Royal Festival Hall, March 18th

Spending an evening in the company of four dapper German men approaching their sixties, watching their cycling movies and listening to ancient electronic music isn't something that you would want to do every day, if ever. But sacrificing an evening to see genuine musical pioneers relive their greatest moments? That's a different matter.

Kraftwerk are arguably as influential as Hendrix or the Beatles and seeing them in the flesh (or indeed, in robotic form) is a rare honour. It's 13 years since they last played a London show, and this one sold out months ago. Many of the people present tonight were probably at the last show and will undoubtedly be at one, or both, of the weekend's Brixton Shows, such is their devotion. But, as the "show" probably hasn't changed much over the 30 or so years that Kraftwerk have been at it, it's difficult to imagine why anyone would want to see it more than once.

The four besuited members take up their positions onstage to rapturous applause, the projections and minimal stage lighting doing little to illuminate them, and they remain in silhouette for the majority of the first part of the concert. The opening notes of the mighty "Man Machine" fill the Festival Hall and we're on our way.

All the tracks played tonight have obviously benefited from a series of transfusions of new blood over the years. However, despite beefed-up the basslines and tweaked samples they are essentially the same timeless pieces they always were. If you don't know any better, tracks from last years "Tour De France Soundtracks" album, such as "Elektro Cardiogram" and "Vitamin", blend in perfectly amongst tracks well over a quarter of a centruy old. In fact it is only the new single, "Aero Dynamik", that sounds like a step forward, with it's seriously bouncy bassline and synth stabs.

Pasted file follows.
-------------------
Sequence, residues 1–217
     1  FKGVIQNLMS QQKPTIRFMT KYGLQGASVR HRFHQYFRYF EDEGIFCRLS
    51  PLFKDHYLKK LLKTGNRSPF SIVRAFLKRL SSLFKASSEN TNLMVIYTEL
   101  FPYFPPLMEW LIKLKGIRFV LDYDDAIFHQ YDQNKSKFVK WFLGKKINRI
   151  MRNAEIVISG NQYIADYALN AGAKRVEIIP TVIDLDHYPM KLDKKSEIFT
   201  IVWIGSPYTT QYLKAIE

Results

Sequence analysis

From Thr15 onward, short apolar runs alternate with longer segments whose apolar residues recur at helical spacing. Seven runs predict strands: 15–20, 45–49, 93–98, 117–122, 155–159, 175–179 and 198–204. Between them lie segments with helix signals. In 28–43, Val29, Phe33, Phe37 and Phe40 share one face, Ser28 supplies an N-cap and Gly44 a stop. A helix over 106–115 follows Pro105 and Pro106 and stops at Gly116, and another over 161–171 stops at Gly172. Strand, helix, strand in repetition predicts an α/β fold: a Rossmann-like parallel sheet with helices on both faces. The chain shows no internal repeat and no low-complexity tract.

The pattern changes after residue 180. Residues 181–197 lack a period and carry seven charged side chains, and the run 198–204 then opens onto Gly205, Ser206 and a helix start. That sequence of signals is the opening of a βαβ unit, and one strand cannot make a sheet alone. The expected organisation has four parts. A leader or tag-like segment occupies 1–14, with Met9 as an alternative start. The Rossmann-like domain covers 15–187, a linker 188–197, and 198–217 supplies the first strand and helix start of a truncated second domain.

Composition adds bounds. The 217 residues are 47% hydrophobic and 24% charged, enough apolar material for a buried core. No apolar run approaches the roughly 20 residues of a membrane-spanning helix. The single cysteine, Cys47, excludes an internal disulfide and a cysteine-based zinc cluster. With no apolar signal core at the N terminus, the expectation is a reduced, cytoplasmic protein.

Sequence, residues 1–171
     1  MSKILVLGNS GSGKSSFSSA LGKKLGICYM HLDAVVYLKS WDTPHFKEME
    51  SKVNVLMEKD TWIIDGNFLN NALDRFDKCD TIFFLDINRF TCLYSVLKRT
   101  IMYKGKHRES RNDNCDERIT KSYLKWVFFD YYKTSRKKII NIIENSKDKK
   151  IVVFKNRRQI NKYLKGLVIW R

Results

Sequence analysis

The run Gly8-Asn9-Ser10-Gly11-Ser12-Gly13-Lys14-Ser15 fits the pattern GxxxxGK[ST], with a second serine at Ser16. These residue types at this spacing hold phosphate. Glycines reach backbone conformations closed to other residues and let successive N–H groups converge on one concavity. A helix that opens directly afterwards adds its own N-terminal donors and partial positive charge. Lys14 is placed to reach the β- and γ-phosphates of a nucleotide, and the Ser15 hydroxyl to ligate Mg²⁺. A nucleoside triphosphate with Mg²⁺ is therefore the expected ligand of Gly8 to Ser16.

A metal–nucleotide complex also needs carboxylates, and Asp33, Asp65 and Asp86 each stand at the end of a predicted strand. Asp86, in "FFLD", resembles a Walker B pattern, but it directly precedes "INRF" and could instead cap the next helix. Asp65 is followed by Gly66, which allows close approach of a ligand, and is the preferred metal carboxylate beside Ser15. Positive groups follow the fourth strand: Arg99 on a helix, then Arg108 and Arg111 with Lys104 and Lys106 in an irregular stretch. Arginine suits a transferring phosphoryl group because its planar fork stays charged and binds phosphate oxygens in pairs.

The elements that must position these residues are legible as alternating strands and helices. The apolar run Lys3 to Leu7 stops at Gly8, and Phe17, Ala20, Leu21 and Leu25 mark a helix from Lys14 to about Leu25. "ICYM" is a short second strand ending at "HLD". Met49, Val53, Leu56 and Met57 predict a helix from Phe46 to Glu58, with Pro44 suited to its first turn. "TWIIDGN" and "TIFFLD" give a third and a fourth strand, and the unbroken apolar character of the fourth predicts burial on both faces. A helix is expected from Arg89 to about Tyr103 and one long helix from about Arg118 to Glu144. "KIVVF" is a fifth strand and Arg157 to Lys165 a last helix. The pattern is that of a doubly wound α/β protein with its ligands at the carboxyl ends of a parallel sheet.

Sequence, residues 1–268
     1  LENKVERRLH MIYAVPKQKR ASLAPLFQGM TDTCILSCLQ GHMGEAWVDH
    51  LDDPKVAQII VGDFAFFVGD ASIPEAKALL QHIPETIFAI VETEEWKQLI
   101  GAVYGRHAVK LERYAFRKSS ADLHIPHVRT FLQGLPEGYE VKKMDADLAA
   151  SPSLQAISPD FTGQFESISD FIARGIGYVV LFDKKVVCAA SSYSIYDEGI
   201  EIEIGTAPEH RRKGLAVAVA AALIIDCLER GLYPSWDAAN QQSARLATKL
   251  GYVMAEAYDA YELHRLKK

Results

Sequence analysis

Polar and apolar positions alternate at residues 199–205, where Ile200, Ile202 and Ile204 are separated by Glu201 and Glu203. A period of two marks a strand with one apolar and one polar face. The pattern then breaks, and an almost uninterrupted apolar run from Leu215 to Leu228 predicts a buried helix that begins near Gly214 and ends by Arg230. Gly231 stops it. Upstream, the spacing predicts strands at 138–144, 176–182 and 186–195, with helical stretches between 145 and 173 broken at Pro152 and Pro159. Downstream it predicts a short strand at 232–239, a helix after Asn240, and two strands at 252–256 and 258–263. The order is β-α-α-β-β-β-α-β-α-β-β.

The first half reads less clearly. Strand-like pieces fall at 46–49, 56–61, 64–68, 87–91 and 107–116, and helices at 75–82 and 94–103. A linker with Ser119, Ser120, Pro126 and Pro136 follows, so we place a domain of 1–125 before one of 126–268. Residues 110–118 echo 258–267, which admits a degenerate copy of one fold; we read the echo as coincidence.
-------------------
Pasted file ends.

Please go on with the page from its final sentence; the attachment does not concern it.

In an age where multimedia is a standard part of the live music experience, what was once a groundbreaking visual extravagnza has lost some of it's wow-factor. The computer graphics which fill the huge screen can only be described as dated, huge blocky text and wireframe figures merging with black-and-white movies and massive iconography. But for second encore "The Robots", the band are replaced by their automated replicas. It's an incredible sight, and as the four robots move gracefully through their pre-programmed routine, you can't help but think how blown away you would have been had you seen this in the 70's.

For the third and final encore, the band reappear on stage in their "cyber-suits". Illuminated by UV, their body stockings are criss-crossed with green neon grids and as they play, predominantly green graphics flicker across the screen. It seems like a crude attempt to bring them up to date, and they play the two aforementioned newer tracks - "Elektro Kardiogram" and "Aero Dynamik" - before closing the evening with "Musique Non-Stop". During this track the members leave the stage one at a time until only founder member Ralph Hütter is left. He improvises a few chords (so there must be something behind that lectern after all), says his goodbyes and exits stage right. And that's it. Maybe forever...

SET LIST: The Man Machine, Expo 2000, Tour De France 2003, Vitamin, Tour De France, Autobahn, The Model, Neon Lights, Sellafield2, Radioactivity, Trans Europe Express
Encore 1: Numbers/Computer World, Its More Fun to Compute, Pocket Calculator
Encore 2: The Robots
Encore 3: Elektro Kardiogramm, Aero Dynamik, Musique Non Stop.

Richy [ March 19th, 2004 ]

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